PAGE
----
The camp’s relatively comfortable amenities were installed 15 months ago, paid for with public funds under the mayor’s orders.
Today, Dhersin deplores the consequences of what he bitterly calls his five-star camp, saying improvements mean smugglers have become the decision-makers. They place migrants with more means in the camp, decide who lives in containers instead of tents - and charge migrants to stay. “I’m enriching the smugglers,” he said.
Police are now regularly seizing smugglers’ cars in the camp, like the two with British plates seen hidden in the forest.
“It’s my way, as mayor, to make war on the smugglers,” Dhersin said.
The cars, with steering wheel on the right side, indicating a British make, are mainly used to transport their charges to truck stops or ports, like Zeebrugge in Belgium, according to the mayor and a ranking French border police official. Cars can be specially hired in Britain for the risky job of picking up migrants and hiding them in the trunk, said the official. He spoke on condition he not be named because he was not authorized to speak publicly.
The police official said that in one instance smugglers sneaked 150 people to Britain for 4,000 euros per person. He would not elaborate on the case.
“It’s like a gang,” but the people keep changing, said an Iraqi migrant, wearing a woolen cap with ear flaps against the chilly night. And, he said, you never know who the people transporting you are.
“Someone takes you from Paris to here, another one will take you from here to the U.K. ... They have masks on their face,” said the Iraqi, who, like other migrants in the camp, refused to be named out of fear of the smugglers. He said he was never sure where he was during his 20-day journey from Iraq to Teteghem, a trip he said cost $15,000, with a promise to cover the last leg to Britain.
By all accounts, the Teteghem camp is controlled by Kurds. Many migrants in the camp are from the same Kurdish towns or regions: Sardasht in Iran, or Hasaka in Syria or Kirkuk in Iraq; the last two have been besieged by the Islamic State group.
Migrants and an aid worker in the camp in nearby Grande-Synthe say Kurds rule there, too, with weapons and terror.
“I’ve seen more than 20 guns at this camp,” said a 29-year-old Iranian man at the Grande-Synthe camp. He said he fled Iran because he was hounded by police after converting to Christianity.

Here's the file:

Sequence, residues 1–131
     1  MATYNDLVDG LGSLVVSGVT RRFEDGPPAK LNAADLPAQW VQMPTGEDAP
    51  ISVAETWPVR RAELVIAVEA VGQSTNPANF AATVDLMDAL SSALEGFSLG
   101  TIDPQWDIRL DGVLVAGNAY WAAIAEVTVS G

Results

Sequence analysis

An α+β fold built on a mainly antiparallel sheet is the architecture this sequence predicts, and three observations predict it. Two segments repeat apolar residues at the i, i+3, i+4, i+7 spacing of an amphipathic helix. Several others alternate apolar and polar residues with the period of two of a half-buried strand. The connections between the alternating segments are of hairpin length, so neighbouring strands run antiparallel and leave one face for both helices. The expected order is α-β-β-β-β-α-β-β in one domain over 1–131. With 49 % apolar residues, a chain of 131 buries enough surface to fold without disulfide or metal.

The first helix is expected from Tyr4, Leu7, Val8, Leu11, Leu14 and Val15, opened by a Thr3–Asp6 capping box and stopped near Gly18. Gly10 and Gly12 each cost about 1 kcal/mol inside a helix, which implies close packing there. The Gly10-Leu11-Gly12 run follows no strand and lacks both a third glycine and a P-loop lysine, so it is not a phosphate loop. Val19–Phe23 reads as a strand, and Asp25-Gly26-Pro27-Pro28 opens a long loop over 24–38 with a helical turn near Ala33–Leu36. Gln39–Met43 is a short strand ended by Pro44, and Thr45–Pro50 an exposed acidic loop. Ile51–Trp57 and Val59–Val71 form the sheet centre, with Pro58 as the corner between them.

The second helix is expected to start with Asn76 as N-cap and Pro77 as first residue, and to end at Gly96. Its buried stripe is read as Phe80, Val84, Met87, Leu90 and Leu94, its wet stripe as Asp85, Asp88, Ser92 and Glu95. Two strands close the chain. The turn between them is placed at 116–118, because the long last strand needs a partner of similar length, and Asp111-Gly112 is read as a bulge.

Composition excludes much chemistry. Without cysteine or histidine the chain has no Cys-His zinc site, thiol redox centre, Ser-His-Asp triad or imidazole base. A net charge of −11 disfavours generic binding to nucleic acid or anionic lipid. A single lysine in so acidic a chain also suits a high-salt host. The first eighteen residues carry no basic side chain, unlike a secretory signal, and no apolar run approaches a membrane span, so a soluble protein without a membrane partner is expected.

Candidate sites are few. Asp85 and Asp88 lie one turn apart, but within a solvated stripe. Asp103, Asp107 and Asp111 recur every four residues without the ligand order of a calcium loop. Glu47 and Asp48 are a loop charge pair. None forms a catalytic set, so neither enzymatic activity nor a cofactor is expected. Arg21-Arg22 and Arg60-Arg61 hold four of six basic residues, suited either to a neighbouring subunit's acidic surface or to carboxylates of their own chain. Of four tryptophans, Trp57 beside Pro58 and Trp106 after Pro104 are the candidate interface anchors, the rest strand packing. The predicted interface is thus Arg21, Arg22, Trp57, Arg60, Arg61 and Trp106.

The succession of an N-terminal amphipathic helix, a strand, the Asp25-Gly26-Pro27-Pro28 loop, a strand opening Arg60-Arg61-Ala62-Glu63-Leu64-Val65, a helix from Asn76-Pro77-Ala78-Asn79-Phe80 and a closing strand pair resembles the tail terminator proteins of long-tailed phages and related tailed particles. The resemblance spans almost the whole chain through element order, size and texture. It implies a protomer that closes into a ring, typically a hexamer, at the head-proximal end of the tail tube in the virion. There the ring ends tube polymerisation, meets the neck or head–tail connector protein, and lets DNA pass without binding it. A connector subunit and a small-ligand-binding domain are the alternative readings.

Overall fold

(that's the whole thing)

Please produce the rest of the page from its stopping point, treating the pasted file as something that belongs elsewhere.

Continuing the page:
The border police official, who has spent years tracking smugglers, confirmed that smugglers are often armed and that Kurds are the main presence in Dunkirk. He said they often come in at night to “establish order, resolve problems.”
Kurds are not the only smugglers. More than a dozen networks have been dismantled in northern France since the start of the year, two in August - both run by Albanians installed in Calais and Dunkirk. The regional prefecture announced Monday the dismantling of a local Afghan network. But when a network here is “decapitated” it quickly rebuilds itself, said Sub-Prefect Henri Jean, the state’s highest representative in Dunkirk. “The lieutenant becomes captain,” he said.
“They have recruitment methods to ensure the network reconstitutes itself quickly.”
Local officials and police are convinced that smugglers in the region are answering to bosses in Britain, some likely of Middle East origin. France works closely with both judicial and police officials in Britain and Belgium to take down the operations, Jean said.
Networks vary, Europol’s Crepinko said, making it difficult to find a common denominator, adding that a single network may not be responsible for all stages of the journey.
“But we do (sometimes) see a link between criminal activities from the place of departure through the travel and up to the place of arrival, the destination country,” he said.
Migrants in Teteghem or nearby Grande-Synthe wait eagerly for the promised final leg to Britain.
“They come to you during the night when it’s dark. They take you,” the Iranian at Grande-Synthe said, describing the hoped-for moment when the smugglers fetch him for his trip to Britain. “Every night I am waiting.”